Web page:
Despite significant dissent among some of its workers,
United Auto Workers members narrowly passed a four-year contract
agreement with Chrysler LLC on Saturday, leaving Ford Motor Co. as
the last automaker to negotiate with in this year's round of
Talks with Ford were proceeding Saturday, although union
leadership wasn't expected to attend and no agreement was expected
during the weekend, a person briefed on the talks said. The person
spoke on the condition of anonymity because the talks are private.
The union said 56 per cent of production workers and 51 per cent
of skilled-trades workers voted for the Chrysler pact. The
percentages voting in favour were much higher among clerical workers
and engineers represented by the union.
The contract covers about 45,000 active workers at Chrysler and
more than 55,000 Chrysler retirees and 23,000 surviving spouses. It
will expire Sept. 14, 2011.
``Our members had to face some tough choices, and we had a solid,
democratic debate about this contract,'' UAW president Ron
Gettelfinger said in a statement. ``Now we're going to come together
as a union _ and now it's on the company to move ahead, increase
their market share and continue to build great cars and trucks here
in the U.S.''
Chrysler, which became a private company in August when it was
bought by Cerberus Capital Management LLC, said the agreement will
make the company more competitive.
``We are pleased that our UAW employees recognize that the new
agreement meets the needs of the company and its employees by
providing a framework to improve our long-term manufacturing
competitiveness,'' Tom LaSorda, Chrysler's vice-chairman and
president, said in a statement.
The union and Chrysler reached agreement Oct. 10 following a
six-hour countrywide strike. Like the agreement ratified earlier by
General Motors Corp. workers, the Chrysler contract establishes a
union-run trust to cover retirees' health care and allows the
company to pay lower wages to about 11,000 noncore, non-assembly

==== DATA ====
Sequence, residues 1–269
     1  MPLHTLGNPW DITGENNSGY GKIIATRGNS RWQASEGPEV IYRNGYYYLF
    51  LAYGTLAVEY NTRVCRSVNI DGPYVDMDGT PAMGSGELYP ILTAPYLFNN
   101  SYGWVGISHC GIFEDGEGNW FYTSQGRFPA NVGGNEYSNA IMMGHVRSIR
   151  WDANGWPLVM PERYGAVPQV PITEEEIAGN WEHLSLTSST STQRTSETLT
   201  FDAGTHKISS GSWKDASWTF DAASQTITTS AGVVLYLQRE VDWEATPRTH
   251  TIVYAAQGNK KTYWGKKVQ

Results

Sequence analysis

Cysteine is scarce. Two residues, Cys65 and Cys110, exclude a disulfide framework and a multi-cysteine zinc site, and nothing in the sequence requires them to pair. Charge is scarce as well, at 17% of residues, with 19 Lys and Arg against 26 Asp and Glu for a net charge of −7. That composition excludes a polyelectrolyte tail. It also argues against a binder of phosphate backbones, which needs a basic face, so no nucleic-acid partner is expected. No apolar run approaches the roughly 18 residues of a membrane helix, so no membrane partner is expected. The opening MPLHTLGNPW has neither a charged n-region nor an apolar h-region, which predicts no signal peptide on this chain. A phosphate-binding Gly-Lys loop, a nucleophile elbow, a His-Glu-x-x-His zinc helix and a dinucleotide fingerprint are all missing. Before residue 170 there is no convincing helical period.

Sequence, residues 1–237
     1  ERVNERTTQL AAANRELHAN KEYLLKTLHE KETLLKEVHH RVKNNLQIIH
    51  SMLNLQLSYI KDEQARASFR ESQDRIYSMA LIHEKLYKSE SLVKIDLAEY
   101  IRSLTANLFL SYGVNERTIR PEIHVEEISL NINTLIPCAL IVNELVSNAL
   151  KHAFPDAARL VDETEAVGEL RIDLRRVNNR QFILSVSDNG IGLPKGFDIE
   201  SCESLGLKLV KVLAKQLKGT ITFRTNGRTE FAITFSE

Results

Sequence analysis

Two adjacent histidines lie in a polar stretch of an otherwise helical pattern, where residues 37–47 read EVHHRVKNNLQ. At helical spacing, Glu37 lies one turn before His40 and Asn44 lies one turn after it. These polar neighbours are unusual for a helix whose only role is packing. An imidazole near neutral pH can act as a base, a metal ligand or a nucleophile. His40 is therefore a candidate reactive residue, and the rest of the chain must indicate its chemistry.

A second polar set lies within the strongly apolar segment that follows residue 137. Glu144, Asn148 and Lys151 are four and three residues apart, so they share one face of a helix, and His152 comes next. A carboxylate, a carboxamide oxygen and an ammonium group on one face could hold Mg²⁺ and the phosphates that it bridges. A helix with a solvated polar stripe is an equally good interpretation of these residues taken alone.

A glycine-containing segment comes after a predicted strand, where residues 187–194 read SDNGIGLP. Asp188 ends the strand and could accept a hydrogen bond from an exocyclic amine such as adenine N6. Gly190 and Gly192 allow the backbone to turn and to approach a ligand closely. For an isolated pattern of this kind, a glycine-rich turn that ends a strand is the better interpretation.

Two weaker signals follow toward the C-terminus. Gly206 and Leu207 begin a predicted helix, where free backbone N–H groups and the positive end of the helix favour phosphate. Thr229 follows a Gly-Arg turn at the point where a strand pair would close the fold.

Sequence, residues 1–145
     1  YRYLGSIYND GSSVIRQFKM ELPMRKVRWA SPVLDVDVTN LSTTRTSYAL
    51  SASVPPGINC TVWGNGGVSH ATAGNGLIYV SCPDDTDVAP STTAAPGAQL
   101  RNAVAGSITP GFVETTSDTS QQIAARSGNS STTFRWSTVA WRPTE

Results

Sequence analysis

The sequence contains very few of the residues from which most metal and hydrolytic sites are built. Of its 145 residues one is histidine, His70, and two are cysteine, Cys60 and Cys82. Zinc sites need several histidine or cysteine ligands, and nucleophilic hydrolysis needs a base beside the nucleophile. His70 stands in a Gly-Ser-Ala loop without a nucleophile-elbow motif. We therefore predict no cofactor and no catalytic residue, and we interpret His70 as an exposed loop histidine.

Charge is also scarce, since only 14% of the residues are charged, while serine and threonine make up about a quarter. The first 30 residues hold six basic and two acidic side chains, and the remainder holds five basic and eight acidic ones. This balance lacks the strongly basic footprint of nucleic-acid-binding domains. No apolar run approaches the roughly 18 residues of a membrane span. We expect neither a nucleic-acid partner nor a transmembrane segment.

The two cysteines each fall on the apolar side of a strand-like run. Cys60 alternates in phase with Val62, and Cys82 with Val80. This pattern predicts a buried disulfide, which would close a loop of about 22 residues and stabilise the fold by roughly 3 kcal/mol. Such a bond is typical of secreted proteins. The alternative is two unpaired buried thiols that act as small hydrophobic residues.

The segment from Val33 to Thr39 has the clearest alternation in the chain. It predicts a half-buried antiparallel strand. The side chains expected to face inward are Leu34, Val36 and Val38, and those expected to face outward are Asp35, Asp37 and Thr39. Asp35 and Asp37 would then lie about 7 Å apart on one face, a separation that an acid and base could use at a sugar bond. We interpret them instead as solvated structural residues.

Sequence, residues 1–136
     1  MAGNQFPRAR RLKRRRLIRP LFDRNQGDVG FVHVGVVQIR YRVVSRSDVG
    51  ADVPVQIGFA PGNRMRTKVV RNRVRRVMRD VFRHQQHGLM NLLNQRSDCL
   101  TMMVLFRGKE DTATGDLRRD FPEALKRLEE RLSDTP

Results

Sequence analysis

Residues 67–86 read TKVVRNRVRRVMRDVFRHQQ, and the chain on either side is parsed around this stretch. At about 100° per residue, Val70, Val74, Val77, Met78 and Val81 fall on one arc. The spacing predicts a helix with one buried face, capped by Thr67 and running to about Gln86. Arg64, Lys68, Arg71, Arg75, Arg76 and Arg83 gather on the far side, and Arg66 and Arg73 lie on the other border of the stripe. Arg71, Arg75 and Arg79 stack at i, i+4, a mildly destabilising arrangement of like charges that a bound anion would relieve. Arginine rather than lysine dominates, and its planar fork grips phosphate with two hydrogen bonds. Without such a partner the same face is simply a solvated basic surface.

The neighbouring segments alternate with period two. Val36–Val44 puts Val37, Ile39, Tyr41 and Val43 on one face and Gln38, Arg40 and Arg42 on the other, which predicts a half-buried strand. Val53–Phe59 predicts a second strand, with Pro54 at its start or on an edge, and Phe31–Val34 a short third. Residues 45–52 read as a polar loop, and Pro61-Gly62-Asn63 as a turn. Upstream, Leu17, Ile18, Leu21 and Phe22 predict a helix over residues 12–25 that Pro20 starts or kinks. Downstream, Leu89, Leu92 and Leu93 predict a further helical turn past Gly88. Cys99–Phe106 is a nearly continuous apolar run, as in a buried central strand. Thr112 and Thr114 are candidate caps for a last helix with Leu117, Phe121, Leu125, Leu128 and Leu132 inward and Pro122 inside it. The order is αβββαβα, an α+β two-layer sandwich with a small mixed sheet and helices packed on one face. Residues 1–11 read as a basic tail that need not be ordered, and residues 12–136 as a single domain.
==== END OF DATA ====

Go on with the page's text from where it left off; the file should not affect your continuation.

At GM, 66 per cent of workers ratified the deal. But at Chrysler,
many workers were angered by the contract, saying it failed to make
as many guarantees for future work as GM's contract. Some workers
also were upset about the two-tier wage structure.
As recently as Tuesday the pact appeared headed for defeat after
large locals in Kokomo, Ind., voted it down. But workers at four
Michigan assembly and stamping plants in Sterling Heights and Warren
had a strong turnout Wednesday and voted largely in favour. The
Sterling Heights and Warren votes pushed the favourable vote ahead.
At the last plant to vote, in Belvidere, Ill., 55 per cent of
workers opposed the contract early Saturday, according to a person
who was briefed on the vote. The person requested anonymity because
the person wasn't authorized to speak on vote totals.
Gary Chaison, a labour specialist at Clark University in
Worcester, Mass., said the union turned things around with heavy
``They put forth the view, very effectively, that this was the
best they could do at the time,'' Chaison said. ``It's not that this
was a strong agreement, but that if we reject the agreement, we're
going into a world of uncertainty.''
Chaison said many workers voted for the contract even though they
were unhappy with it because they felt it wasn't a good time for a
fight. In addition to going private in August, Chrysler has recently
overhauled management and is reviewing its products.
Gwen Vanover, who works on the assembly line in Belvidere, said
Friday that she knew she could survive a lengthy strike but she
wasn't so sure about Chrysler, so she switched her vote to ``yes.''
``I don't think it's the best contract,'' said Vanover, 52, of
Belvidere. ``I don't even really mind being out of work if I thought
we could get something better. But in order for something to be
there for the next generation, it's better to lose the battle than
to lose the war.''
Aaron Bragman, an auto industry analyst with Global Insight, said
he doesn't think the contentious nature of the Chrysler ratification
will carry over to Ford. Ford workers have already agreed to
competitive operating agreements to cut costs and they recognize the
company is in dire financial straits, he said. Dearborn-based Ford
lost more than $12 billion last year and has mortgaged its assets to
fund its turnaround plan.
``Ford plants are already in the mind-frame that the company
needs help and we're going to be able to provide it,'' Bragman said.
Ford spokeswoman Marcey Evans would not comment on the